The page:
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DNA methylation signatures to predict the cervicovaginal microbiome status

Nené, NR; Barrett, J; Jones, A; Evans, I; Reisel, D; Timms, JF; Paprotka, T; ... Widschwendter, M; + view all (2020) DNA methylation signatures to predict the cervicovaginal microbiome status. Clinical Epigenetics , 12 (1) , Article 180. 10.1186/s13148-020-00966-7. Green open access

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Abstract

BACKGROUND: The composition of the microbiome plays an important role in human health and disease. Whether there is a direct association between the cervicovaginal microbiome and the host's epigenome is largely unexplored. RESULTS: Here we analyzed a total of 448 cervicovaginal smear samples and studied both the DNA methylome of the host and the microbiome using the Illumina EPIC array and next-generation sequencing, respectively. We found that those CpGs that are hypo-methylated in samples with non-lactobacilli (O-type) dominating communities are strongly associated with gastrointestinal differentiation and that a signature consisting of 819 CpGs was able to discriminate lactobacilli-dominating (L-type) from O-type samples with an area under the receiver operator characteristic curve (AUC) of 0.84 (95% CI = 0.77-0.90) in an independent validation set. The performance found in samples with more than 50% epithelial cells was further improved (AUC 0.87) and in women younger than 50 years of age was even higher (AUC 0.91). In a subset of 96 women, the buccal but not the blood cell DNA showed the same trend as the cervicovaginal samples in discriminating women with L- from O-type cervicovaginal communities. CONCLUSIONS: These findings strongly support the view that the epithelial epigenome plays an essential role in hosting specific microbial communities.

Type: Article
Title: DNA methylation signatures to predict the cervicovaginal microbiome status
Location: Germany
Open access status: An open access version is available from UCL Discovery
DOI: 10.1186/s13148-020-00966-7
Publisher version: https://doi.org/10.1186/s13148-020-00966-7
Language: English
Additional information: This article is licensed under a Creative Commons Attribution 4.0 International License, which permits use, sharing, adaptation, distribution and reproduction in any medium or format, as long as you give appropriate credit to the original author(s) and the source, provide a link to the Creative Commons licence, and indicate if changes were made. The images or other third party material in this article are included in the article's Creative Commons licence, unless indicated otherwise in a credit line to the material. If material is not included in the article's Creative Commons licence and your intended use is not permitted by statutory regulation or exceeds the permitted use, you will need to obtain permission directly from the copyright holder. To view a copy of this licence, visit http://creativecommons.org/licenses/by/4.0/. The Creative Commons Public Domain Dedication waiver (http://creativecommons.org/publicdomain/zero/1.0/) applies to the data made available in this article, unless otherwise stated in a credit line to the data.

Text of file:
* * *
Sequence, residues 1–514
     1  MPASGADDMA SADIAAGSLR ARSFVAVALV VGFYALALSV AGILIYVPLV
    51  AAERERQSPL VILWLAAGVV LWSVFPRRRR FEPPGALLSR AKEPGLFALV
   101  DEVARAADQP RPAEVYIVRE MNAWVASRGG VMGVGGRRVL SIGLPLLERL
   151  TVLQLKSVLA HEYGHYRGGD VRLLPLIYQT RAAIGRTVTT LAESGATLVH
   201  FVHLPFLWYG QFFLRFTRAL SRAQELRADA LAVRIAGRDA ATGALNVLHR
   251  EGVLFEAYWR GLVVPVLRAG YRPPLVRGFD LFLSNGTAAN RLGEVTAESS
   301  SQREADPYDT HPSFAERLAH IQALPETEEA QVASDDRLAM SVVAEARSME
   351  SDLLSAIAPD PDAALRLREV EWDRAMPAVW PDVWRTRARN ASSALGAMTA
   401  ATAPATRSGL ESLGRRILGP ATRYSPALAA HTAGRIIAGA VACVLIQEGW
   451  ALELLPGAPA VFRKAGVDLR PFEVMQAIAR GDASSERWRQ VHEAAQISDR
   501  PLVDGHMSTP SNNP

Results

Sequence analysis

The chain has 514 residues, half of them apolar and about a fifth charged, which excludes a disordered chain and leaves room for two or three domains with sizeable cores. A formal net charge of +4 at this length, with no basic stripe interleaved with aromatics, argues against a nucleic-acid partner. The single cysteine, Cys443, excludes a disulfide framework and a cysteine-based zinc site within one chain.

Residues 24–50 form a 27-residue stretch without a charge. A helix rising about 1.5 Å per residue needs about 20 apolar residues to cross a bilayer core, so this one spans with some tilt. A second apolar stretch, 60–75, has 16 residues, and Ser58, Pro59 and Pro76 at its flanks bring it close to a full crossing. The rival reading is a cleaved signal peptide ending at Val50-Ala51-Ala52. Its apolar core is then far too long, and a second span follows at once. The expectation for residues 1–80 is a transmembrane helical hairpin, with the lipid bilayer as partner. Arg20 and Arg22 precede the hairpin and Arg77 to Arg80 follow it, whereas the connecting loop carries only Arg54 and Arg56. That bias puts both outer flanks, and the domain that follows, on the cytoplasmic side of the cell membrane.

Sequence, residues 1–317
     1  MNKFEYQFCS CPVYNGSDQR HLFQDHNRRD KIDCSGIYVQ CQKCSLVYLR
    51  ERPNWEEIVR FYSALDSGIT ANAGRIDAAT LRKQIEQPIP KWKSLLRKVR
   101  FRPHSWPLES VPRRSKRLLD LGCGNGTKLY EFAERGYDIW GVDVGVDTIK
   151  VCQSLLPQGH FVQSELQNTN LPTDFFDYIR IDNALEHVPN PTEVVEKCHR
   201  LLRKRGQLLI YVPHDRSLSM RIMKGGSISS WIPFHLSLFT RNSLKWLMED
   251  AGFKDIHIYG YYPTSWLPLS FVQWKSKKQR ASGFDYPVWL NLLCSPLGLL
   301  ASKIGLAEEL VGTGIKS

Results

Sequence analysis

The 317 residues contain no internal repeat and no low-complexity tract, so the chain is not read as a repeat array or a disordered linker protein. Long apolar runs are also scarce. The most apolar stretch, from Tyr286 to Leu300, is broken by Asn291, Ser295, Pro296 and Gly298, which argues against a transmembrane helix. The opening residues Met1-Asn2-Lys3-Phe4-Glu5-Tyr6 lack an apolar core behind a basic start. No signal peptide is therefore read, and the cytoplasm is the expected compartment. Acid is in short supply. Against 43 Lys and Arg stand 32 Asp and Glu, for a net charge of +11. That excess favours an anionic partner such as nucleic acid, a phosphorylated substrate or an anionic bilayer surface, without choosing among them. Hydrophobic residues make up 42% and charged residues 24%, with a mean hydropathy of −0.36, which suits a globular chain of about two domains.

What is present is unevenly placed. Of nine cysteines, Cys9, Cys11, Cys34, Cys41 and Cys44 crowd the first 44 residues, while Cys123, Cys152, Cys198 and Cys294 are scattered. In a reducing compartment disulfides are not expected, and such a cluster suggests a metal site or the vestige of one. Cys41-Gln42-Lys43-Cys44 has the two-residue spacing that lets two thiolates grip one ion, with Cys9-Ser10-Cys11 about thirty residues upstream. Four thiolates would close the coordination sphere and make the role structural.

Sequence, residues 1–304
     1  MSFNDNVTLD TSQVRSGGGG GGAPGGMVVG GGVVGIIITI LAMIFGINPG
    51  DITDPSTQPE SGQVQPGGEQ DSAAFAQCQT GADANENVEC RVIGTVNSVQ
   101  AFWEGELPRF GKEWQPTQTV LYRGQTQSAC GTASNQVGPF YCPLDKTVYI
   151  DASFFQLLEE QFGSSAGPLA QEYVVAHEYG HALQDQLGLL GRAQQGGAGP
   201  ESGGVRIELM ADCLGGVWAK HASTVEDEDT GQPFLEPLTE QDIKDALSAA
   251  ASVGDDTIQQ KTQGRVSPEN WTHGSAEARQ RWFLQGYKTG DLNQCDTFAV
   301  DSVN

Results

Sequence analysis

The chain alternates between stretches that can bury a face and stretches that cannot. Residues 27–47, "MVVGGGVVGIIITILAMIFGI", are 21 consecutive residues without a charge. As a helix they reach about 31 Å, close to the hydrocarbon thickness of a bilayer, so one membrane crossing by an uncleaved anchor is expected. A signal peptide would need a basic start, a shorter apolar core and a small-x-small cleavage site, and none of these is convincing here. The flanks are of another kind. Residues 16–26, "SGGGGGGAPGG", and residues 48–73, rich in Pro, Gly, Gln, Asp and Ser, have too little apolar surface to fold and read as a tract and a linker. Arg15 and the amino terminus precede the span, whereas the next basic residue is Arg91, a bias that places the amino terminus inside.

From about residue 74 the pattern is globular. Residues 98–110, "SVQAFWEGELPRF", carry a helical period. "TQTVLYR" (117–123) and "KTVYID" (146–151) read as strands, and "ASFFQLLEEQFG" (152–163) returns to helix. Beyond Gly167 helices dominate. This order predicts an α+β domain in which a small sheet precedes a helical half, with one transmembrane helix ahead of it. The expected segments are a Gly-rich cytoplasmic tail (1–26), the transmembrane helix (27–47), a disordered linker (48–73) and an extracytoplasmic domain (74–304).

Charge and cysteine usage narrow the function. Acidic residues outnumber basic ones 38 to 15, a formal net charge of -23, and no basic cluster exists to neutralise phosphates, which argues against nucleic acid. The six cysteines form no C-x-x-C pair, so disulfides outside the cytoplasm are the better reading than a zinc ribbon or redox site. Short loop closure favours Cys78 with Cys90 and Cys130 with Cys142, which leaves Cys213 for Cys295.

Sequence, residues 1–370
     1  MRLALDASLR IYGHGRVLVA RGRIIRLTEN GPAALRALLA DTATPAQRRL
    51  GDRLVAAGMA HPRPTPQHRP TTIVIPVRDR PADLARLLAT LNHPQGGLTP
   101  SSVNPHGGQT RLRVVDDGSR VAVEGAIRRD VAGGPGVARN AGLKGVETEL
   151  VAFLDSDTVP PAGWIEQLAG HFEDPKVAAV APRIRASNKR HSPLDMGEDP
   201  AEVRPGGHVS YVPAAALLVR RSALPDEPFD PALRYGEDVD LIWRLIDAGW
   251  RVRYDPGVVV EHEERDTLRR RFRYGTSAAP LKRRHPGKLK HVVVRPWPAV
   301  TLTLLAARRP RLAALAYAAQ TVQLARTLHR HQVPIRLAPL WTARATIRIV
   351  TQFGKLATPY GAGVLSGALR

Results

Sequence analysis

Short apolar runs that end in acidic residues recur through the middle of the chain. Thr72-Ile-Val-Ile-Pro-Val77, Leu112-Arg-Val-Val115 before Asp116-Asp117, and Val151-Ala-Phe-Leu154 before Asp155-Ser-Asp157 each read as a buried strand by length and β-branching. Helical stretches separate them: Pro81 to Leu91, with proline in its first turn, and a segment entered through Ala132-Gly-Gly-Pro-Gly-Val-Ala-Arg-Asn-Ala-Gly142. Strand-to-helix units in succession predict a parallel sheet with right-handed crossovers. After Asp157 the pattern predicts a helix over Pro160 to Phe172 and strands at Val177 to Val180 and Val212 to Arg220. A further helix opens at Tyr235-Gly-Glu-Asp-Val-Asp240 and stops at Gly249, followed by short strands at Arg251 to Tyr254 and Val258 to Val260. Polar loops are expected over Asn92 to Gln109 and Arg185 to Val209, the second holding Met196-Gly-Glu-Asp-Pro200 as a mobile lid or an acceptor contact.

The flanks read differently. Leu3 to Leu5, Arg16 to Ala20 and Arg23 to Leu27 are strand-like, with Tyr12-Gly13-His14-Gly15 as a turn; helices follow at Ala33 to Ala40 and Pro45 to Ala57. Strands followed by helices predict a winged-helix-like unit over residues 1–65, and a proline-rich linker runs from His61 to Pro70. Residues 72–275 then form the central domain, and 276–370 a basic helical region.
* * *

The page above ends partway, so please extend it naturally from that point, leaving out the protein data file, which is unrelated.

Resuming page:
Keywords: Cervicovaginal microbiome, DNA methylation, Epigenome–microbiome interaction, Penalized regression
UCL classification: UCL
UCL > Provost and Vice Provost Offices > School of Life and Medical Sciences
UCL > Provost and Vice Provost Offices > School of Life and Medical Sciences > Faculty of Population Health Sciences > UCL EGA Institute for Womens Health
UCL > Provost and Vice Provost Offices > School of Life and Medical Sciences > Faculty of Population Health Sciences > UCL EGA Institute for Womens Health > Womens Cancer
URI: https://discovery.ucl.ac.uk/id/eprint/10116151
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